In trying to recover the ground that was its own before the miseries of the British invasion set in, the Broadway musical has put itself into a state that more and more resembles schizophrenia. Half of it wants to be old-fashioned fun in the Cole Porter-Irving Berlin-Rodgers & Hart tradition that produced such a profusion of immortal songs; the other half wants desperately to appeal to a television-bred younger generation that never heard of any of these people or their songs, and knows only rock and hip-hop. This involves straddling an aesthetic gulf far wider than the one the musical had always contended with, which was the necessity of pleasing people of many different tastes in the same evening. The traditional double plot, involving a romantic couple and a comedy couple, with a few raffish character actors and an occasional “specialty” artist thrown in, was enough to satisfy people of all ages and inclinations from the 1920s through the ’50s, just as it had satisfied audiences in the days of Shakespeare, Garrick, and Boucicault. But to go from the old varieties of show tune to the overwrought arioso style of pop-rock or the verbal barrages of rap means going from one entire species of music to another, when the two are produced in very different ways for almost antithetical purposes. The results are not always disastrous, but they do tend to fall short in the effectiveness department, since the two styles cancel each other out.
This sense of a split cultural personality is very evident in Dirty Rotten Scoundrels, about half of which is a very pleasant and not unwitty old-style musical that seems to have been blown up way out of proportion, while the other half is a crass, laborious earache. I should explain that this has nothing to do with the division between the two con men who are its title characters, though one (John Lithgow) is meant to be a suave, cultured Continental type and the other (Norbert Leo Butz) a relentlessly lowbrow American. In fact, the coarseness to which Butz and the lyrics descend during one hilarious scene are as firmly in the old tradition as Lithgow’s airily dapper way of tossing off a patter song; the new style is more clearly ensconced in the overmic’ed colorlessness of the show’s ballads, and in the constant clutter of bland moving scenery and characterless ensemble dances that show the producers’ commitment to gratifying the MTV crowd, whose eyes must apparently never be allowed to rest.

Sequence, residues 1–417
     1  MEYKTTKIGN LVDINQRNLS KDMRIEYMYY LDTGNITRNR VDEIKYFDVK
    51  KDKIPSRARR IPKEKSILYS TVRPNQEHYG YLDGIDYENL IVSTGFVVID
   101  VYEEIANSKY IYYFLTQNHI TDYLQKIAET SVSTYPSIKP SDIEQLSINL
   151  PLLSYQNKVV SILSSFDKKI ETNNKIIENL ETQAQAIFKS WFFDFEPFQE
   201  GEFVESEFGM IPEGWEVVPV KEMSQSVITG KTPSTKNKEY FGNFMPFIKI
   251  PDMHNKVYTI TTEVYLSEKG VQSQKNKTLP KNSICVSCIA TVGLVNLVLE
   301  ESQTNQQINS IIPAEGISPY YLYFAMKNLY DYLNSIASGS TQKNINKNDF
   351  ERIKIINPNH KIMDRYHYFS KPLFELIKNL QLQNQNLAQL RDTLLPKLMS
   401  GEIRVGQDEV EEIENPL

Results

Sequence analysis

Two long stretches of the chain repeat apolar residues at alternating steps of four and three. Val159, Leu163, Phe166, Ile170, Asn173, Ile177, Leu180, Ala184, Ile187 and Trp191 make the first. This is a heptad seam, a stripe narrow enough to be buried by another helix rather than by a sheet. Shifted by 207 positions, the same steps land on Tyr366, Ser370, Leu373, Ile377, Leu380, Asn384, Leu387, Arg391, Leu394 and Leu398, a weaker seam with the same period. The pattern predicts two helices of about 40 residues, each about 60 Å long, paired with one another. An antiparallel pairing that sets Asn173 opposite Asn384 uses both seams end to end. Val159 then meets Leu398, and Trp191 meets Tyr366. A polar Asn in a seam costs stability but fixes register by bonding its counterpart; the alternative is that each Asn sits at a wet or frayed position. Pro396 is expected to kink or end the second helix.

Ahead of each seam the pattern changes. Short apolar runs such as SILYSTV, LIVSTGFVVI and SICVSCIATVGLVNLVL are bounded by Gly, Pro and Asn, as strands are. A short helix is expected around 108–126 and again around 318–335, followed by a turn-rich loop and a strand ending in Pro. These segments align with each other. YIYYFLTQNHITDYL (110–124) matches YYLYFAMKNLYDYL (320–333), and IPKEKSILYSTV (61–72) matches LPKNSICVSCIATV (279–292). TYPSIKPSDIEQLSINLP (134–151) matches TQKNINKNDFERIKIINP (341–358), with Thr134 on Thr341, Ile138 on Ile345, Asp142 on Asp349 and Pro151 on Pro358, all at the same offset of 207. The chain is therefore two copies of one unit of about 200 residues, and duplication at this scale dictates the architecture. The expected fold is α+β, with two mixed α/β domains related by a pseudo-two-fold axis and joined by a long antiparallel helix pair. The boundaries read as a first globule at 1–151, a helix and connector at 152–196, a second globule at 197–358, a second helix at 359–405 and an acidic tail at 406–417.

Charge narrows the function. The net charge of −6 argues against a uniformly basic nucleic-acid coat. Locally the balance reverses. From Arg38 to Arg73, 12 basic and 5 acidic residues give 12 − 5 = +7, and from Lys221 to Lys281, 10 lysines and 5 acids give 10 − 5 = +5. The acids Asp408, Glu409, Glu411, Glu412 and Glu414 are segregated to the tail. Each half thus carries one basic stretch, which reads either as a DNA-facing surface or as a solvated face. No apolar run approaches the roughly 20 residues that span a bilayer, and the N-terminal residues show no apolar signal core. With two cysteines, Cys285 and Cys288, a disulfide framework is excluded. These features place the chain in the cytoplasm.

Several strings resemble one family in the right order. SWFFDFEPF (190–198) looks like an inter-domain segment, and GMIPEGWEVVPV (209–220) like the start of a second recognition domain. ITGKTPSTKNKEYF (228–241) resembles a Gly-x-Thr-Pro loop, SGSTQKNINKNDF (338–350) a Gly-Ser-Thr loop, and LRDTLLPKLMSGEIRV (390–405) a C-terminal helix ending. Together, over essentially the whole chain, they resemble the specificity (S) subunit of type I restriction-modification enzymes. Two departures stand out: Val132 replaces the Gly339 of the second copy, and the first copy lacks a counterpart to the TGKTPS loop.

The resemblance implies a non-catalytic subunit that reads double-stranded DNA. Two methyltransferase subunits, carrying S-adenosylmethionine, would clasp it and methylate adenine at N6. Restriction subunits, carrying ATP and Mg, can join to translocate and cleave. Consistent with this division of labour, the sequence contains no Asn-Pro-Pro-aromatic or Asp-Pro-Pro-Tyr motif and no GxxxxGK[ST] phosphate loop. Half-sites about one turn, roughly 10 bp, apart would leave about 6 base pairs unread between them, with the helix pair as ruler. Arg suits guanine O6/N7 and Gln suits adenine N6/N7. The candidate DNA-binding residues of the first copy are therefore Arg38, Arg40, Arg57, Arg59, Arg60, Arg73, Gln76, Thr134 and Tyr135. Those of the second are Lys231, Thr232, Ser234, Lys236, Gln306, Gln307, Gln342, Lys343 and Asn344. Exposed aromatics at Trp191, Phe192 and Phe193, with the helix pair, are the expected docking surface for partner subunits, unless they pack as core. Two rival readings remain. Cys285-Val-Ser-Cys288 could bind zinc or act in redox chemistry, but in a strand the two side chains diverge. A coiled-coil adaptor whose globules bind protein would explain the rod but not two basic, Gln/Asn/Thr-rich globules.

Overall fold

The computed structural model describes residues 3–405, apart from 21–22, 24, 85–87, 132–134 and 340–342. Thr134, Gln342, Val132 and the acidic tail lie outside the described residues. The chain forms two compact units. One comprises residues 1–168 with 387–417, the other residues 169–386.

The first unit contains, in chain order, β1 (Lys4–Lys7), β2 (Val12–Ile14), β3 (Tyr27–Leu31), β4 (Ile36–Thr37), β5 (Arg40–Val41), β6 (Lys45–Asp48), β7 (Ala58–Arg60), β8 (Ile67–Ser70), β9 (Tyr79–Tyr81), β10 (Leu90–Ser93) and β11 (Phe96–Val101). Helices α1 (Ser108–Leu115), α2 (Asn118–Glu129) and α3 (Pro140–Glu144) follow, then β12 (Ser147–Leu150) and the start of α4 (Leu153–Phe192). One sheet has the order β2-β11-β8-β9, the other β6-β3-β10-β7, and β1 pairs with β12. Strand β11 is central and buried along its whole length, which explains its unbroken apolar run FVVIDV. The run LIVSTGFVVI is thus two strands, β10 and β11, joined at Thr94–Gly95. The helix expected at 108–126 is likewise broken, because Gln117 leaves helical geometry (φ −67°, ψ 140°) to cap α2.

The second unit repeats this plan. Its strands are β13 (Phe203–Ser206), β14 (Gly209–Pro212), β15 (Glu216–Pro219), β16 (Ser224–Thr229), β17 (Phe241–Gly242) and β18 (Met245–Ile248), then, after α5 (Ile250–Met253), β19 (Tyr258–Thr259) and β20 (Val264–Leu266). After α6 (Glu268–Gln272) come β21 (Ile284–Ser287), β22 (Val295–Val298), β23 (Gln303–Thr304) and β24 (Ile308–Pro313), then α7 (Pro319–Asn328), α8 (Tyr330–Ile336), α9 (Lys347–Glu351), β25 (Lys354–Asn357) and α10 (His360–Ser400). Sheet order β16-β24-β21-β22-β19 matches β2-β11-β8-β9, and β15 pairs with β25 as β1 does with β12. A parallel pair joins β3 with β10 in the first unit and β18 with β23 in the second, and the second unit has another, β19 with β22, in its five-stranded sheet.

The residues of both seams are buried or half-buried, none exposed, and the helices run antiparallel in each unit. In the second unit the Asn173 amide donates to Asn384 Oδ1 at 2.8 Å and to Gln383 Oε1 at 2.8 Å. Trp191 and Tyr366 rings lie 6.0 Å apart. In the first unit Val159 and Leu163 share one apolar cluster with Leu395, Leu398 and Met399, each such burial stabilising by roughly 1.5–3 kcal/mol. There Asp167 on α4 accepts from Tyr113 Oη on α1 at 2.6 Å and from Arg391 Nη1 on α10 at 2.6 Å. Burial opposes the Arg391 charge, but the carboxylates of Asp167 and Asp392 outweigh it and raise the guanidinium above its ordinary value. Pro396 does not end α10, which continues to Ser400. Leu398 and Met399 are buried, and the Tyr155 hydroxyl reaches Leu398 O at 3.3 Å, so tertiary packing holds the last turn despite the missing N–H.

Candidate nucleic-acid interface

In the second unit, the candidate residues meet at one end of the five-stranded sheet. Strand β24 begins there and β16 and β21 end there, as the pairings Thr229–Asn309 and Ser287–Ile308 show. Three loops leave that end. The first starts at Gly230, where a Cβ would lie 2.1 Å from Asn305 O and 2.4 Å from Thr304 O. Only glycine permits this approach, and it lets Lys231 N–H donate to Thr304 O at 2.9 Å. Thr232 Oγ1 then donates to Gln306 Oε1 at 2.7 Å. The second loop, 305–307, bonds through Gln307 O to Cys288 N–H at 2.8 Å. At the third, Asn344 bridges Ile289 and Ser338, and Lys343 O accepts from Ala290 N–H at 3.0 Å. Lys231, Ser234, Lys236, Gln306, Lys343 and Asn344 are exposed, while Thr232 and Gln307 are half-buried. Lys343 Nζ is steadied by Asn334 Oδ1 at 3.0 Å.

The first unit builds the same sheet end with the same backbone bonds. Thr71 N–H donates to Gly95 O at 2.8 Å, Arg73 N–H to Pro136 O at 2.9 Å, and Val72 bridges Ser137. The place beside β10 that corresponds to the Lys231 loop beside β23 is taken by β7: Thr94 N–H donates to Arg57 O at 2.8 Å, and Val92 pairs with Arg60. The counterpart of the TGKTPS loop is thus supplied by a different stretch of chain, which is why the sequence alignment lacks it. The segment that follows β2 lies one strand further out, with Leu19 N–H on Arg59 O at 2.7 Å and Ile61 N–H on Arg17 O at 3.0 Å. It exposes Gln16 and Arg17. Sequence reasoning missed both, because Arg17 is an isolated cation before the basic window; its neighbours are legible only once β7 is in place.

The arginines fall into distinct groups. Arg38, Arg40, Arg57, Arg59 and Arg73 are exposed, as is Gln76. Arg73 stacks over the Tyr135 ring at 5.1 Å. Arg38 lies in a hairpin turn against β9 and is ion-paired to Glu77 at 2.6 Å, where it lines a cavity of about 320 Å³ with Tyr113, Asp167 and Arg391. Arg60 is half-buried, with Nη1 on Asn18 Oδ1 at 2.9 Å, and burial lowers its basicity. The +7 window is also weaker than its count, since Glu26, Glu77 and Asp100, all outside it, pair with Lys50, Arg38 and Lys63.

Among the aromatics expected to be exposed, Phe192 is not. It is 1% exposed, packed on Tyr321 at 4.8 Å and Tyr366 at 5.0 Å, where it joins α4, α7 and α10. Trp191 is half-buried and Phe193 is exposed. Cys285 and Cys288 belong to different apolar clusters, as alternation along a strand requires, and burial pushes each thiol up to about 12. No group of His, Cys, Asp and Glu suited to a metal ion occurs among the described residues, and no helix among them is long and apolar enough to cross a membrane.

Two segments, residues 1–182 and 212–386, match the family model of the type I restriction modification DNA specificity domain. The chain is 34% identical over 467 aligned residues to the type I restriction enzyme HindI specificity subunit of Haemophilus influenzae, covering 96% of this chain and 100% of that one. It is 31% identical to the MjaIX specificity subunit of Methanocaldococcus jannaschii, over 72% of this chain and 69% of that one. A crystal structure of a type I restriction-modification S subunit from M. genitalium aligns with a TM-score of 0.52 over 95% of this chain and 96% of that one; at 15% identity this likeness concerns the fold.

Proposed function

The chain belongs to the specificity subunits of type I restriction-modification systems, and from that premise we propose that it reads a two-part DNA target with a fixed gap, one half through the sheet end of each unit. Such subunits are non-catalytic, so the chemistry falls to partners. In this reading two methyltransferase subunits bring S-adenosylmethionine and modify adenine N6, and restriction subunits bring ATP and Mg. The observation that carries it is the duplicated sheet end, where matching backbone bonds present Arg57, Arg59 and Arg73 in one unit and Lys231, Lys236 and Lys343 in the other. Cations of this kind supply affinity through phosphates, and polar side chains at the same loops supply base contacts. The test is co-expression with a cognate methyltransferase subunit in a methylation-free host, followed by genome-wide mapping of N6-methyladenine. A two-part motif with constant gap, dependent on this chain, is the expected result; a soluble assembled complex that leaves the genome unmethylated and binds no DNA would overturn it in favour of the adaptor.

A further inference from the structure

This is a pity, because if the noise and clutter were cleared away, there would be a lot to enjoy in Dirty Rotten Scoundrels. Like Little Women, it’s a show that desperately needs to be cut down, reworked for a much more intimate theater, and most of all unplugged. Both Lithgow and Butz are charming in their very different ways, as are Gregory Jbara and Joanna Gleason in secondary roles. A fair number of the lines in Jeffrey Lane’s script are worth at least a chuckle, and even some of the groaners are of the good-old-days kind that make you smile as you groan. And although David Yazbek’s music is thin on melody, his lyrics are often truly wonderful, flamboyantly funny in a freewheeling way that’s a big step forward from his work on The Full Monty. They’re also contemporary in a more meaningful way than the show’s heavy-breathing efforts to get down: Using old-style wit and versification while stepping over taste boundaries, they give the show a 2005 equivalent of the brashness that made ’20s and ’30s musicals feel so alive in their own time.
The booster shot they give is necessary, because Dirty Rotten Scoundrels has problems even before its style starts going culturally schizo. Based on an undistinguished old movie that’s based on an unwatchable even older movie, its tenuous story feels badly dated—when was the last time rich, dumb American women went to the Riviera in search of a dethroned prince to flirt with?—and lacks forward drive. Its two non-heroes don’t want anything in particular, except more money from conning more women; and we don’t particularly care which of them will win the bet about who can or can’t con. This distinguishes the show from a romp like The Producers, in which Leo and Max want a single specific thing, and we like them enough to want to find out if they’ll get it. In addition, Lithgow and Butz tend to be appealing individually rather than as a duo, while Sherie Rene Scott, as the female pigeon with whom they both fall in love, is obliged to be all sweet vulnerability for most of the evening, though the best aspect of her stage persona is strictly sass and brass. In one of the graver miscalculations of Jack O’Brien’s production, she has her thunder stolen, right before her entrance, by Sara Gettelfinger as a dumb-like-a-fox oil heiress, whose one relentless number makes so much noise that the audience is too exhausted to notice Scott’s arrival. Like other aspects of the show, this wrong move is a matter of resources misdeployed rather than lacking. Strip away the noise and excess and you might find something very much worth watching. Whether there would be anyone to watch it, on a Broadway that has committed itself to supplying a supposed public’s craving for noise and excess, is a question to which nobody yet knows the answer.
This article from the Village Voice Archive was posted on March 1, 2005